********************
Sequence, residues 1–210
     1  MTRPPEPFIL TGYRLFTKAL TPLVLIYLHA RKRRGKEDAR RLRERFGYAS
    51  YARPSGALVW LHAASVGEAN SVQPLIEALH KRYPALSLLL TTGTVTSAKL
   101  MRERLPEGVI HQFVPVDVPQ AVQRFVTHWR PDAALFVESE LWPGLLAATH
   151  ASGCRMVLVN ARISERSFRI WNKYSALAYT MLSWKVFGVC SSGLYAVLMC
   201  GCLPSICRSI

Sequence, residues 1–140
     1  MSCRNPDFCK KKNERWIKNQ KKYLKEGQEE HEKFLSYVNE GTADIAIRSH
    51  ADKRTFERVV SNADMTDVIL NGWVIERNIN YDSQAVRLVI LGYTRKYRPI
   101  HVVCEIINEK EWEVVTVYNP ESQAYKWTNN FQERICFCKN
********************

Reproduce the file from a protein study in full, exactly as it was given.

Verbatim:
Sequence, residues 1–210
     1  MTRPPEPFIL TGYRLFTKAL TPLVLIYLHA RKRRGKEDAR RLRERFGYAS
    51  YARPSGALVW LHAASVGEAN SVQPLIEALH KRYPALSLLL TTGTVTSAKL
   101  MRERLPEGVI HQFVPVDVPQ AVQRFVTHWR PDAALFVESE LWPGLLAATH
   151  ASGCRMVLVN ARISERSFRI WNKYSALAYT MLSWKVFGVC SSGLYAVLMC
   201  GCLPSICRSI

Sequence, residues 1–140
     1  MSCRNPDFCK KKNERWIKNQ KKYLKEGQEE HEKFLSYVNE GTADIAIRSH
    51  ADKRTFERVV SNADMTDVIL NGWVIERNIN YDSQAVRLVI LGYTRKYRPI
   101  HVVCEIINEK EWEVVTVYNP ESQAYKWTNN FQERICFCKN